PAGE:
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Iron Felix Should Be Left to Rust

Russia shouldn't revive the KGB founder's image.

October 07, 2002|KATHRYN STONER-WEISS | Kathryn Stoner-Weiss is an assistant professor of politics and international affairs at Princeton University.

As the United Nations debated what to do about Saddam Hussein, history was being remade in Russia. The popularly elected mayor of Moscow, Yuri M. Luzhkov, in an apparent change of heart, announced his approval for the resurrection of one of the most compelling symbols of evil of the Soviet state: an imposing statue of the founder of the dreaded KGB, Felix Dzerzhinsky.

President Bush has said that he looked into the soul of Russian President Vladimir V. Putin and liked what he saw. But as Bush and his national security team speak with Putin and with Russia's foreign and defense ministers, they should be mindful of what the return of "Iron Felix" might mean for Russia's still fragile democracy and future as a friend to the U.S.

Like Hussein, Dzerzhinsky effectively waged war on his own people. Historians estimate that his secret police were responsible for thousands of deaths in the years after the Bolshevik seizure of power in 1917. The institution he founded was directly responsible for the deaths of millions of Soviet citizens.

A 30-foot iron statue of Dzerzhinsky was erected in 1958 outside the Lubyanka prison, headquarters of the KGB. "Iron Felix" stood in the middle of Lubyanka Square, an unwavering symbol of the power of the Soviet state and its repressive apparatus, until it was torn down in 1991.

The fall of Iron Felix was a bold declaration that KGB repression would have no role in Russia's democratic future.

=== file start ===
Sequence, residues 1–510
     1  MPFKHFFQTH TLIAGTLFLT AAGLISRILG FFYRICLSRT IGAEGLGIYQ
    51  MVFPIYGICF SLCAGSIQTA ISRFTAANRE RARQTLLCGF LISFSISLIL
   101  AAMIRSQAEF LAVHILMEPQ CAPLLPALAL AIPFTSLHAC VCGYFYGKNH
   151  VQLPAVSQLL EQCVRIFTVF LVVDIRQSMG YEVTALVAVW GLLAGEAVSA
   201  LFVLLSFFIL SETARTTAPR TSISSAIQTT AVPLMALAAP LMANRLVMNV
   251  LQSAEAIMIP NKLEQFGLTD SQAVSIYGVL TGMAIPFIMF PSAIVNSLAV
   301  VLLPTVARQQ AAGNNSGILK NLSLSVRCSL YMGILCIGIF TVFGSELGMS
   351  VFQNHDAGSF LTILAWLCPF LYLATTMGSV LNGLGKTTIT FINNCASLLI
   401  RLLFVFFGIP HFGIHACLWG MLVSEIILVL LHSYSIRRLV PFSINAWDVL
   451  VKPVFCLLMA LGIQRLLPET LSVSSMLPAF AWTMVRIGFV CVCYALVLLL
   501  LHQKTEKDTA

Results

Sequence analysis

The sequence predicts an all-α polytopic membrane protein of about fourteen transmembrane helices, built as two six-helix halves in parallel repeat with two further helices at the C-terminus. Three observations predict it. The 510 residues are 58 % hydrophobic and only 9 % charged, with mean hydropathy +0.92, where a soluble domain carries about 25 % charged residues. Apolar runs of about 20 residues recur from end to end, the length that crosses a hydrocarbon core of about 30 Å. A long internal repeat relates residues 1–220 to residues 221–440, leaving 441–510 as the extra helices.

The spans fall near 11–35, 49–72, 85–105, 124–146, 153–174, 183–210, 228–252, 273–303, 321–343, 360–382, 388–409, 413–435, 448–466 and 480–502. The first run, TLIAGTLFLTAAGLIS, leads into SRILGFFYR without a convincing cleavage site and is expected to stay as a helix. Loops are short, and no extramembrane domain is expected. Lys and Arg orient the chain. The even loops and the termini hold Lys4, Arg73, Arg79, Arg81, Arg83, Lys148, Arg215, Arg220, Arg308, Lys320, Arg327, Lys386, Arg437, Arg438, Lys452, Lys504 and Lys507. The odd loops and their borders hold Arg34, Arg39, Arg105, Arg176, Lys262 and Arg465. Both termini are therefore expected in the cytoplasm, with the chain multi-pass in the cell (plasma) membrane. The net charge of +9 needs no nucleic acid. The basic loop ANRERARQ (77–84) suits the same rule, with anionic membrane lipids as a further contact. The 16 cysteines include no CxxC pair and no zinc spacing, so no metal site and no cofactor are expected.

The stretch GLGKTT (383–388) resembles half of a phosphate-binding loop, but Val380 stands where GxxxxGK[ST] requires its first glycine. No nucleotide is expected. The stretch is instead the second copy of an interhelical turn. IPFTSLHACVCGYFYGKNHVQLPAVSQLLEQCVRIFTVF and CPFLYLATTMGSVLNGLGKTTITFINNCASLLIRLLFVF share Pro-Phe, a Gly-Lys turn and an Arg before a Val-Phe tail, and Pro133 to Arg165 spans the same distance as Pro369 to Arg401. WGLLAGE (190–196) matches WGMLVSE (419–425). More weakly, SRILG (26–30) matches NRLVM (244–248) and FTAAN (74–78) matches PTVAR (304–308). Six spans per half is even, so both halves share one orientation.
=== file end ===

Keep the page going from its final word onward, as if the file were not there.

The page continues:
Given that Luzhkov has twice before declared that the statue would never again find a place of honor in the new Russia, it is hard not to see Putin's hand in the resurrection of Iron Felix. After all, prior to ascending to the presidency of Russia, Putin briefly served as head of Russia's Federal Security Service, the post-Soviet KGB. And before the demise of the Soviet Union, he was a KGB spy.

A close reading of Putin's autobiography, "First Person," reveals that even while deputy mayor of St. Petersburg in the early 1990s, he was still informing for the KGB. As recently as 1999, Putin was rumored to have a small bust of Dzerzhinsky on his desk.

Putin has encouraged Russians to think that not all of Soviet history was bad. He has tried to establish a new, healthy Russian nationalism in the wake of a decade of difficult transition that has thrown about a third of his post-communist comrades into poverty.

But in turning to Iron Felix, Putin's Russia is appealing to exactly the wrong elements of the Soviet past.

At a time when political pluralism, freedom of the press and freedom of expression are in serious doubt in Russia, the possible resurrection of Iron Felix does great damage to concepts and values that should be at the heart of Russian democracy: equality before the law, the presumption of innocence and even freedom of speech.

These are all freedoms and values that Dzerzhinsky, and the KGB he built, violently and brutally opposed.

Reviving Iron Felix, then, is not only an insult to the memories of the millions of victims of the KGB but also a challenge to the very legitimacy of Russia's new democracy. When Bush peered into Putin's soul, did he see this?

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